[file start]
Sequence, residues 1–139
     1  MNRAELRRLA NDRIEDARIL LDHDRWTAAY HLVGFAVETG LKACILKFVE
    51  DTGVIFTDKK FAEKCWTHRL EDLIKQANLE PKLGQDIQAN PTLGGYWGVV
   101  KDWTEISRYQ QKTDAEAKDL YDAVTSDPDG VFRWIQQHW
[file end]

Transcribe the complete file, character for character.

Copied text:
Sequence, residues 1–139
     1  MNRAELRRLA NDRIEDARIL LDHDRWTAAY HLVGFAVETG LKACILKFVE
    51  DTGVIFTDKK FAEKCWTHRL EDLIKQANLE PKLGQDIQAN PTLGGYWGVV
   101  KDWTEISRYQ QKTDAEAKDL YDAVTSDPDG VFRWIQQHW